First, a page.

Sunday, July 29, 2012

In the past few days, I’ve received several emails that explain the shootings in Aurora, Colo., from various perspectives, including by way of the literal truth of the Bible (which also, apparently, informs us that global warming is a left-wing myth) or as a false-flag operation mounted by shadowy forces aimed at discrediting gun ownership and seizing Americans’ firearms.

We live in a country, after all, where significant pluralities of the population refuse to accept the worldwide scientific consensus on climate change and continue to believe in the superiority of a private-sector health care system despite ample evidence that Americans spend more for medical care, and have poorer outcomes, than people in any other major Western nation. The cultural and geographic isolation of the United States has a lot to do with this, as do the failures of our education system, but those explanations aren’t quite sufficient. One aspect of the paranoid worldview is a sense of immense self-importance: The CIA has chosen you for secret experiments, or you and your Internet friends are the only people who can see that the Obama birth certificate seen and touched by independent experts is an obvious fraud. In the United States, we cling to this sense of specialness on a manic, nationwide, tautological scale; the way we do things in America is clearly superior because we know we live in the greatest country in the world.

This week brings us a new Hollywood comedy currently called “The Watch.” It’s a mildly amusing study in American paranoia...what I most appreciate about this rather silly movie is that it accidentally makes the claim that Americans are paranoid about the wrong things, which is precisely true. Stiller’s character says that the purpose of the neighborhood watch is to monitor “any and all suspicious activity and generally get to the bottom of things,” and his suspicions extend to the crazy old coot with a shotgun (noted Obama-hater R. Lee Ermey), the possibly gay guy across the street who keeps checking him out, and the town’s mustachioed, incompetent cops.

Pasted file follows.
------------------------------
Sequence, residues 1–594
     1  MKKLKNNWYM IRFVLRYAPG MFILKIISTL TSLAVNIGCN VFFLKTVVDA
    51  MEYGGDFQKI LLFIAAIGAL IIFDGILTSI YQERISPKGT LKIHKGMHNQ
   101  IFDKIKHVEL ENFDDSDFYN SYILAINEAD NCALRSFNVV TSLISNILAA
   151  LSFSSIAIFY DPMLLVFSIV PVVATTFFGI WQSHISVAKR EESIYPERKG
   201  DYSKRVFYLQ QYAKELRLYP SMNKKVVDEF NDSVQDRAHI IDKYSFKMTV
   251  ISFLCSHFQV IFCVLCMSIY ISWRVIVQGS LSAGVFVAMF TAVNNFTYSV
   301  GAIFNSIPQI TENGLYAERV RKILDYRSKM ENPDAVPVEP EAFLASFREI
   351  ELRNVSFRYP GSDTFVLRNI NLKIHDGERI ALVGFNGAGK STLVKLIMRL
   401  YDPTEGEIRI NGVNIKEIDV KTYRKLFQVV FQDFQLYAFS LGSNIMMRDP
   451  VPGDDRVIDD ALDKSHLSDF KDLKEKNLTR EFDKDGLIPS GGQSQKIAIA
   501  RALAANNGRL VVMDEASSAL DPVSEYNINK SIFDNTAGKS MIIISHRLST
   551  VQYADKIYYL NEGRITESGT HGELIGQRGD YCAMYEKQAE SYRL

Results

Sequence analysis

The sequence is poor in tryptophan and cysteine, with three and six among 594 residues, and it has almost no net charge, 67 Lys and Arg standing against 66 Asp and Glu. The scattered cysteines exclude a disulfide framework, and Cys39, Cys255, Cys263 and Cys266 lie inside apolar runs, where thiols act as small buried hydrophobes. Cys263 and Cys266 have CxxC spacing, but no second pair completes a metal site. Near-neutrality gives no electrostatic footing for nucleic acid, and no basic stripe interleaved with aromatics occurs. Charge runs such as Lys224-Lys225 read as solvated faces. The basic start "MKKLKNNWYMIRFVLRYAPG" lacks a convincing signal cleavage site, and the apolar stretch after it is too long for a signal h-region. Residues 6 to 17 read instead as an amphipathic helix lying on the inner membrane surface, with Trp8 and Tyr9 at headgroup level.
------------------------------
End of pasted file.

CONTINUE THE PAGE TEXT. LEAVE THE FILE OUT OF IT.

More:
Like the characters in “The Watch,” most of us don’t notice, most of the time, what’s really going on.

I am saying, rather, that successive Democratic and Republican administrations, with the help of Supreme Court justices, have eagerly collaborated in gutting the Constitution and creating a technology-driven national security state with super-secret executive powers, which isn’t something that anybody on the left or right ever consciously voted for. Almost all of us carry devices that allow us to be tracked by the government or unknown private interests wherever we go. Of all the social changes the Internet age has wrought, perhaps the biggest is the complete abandonment of any expectation of privacy, which was considered an unassailable personal right even 20 years ago. I could suggest that this situation threatens to make democracy untenable, or even irrelevant — but that might sound paranoid.

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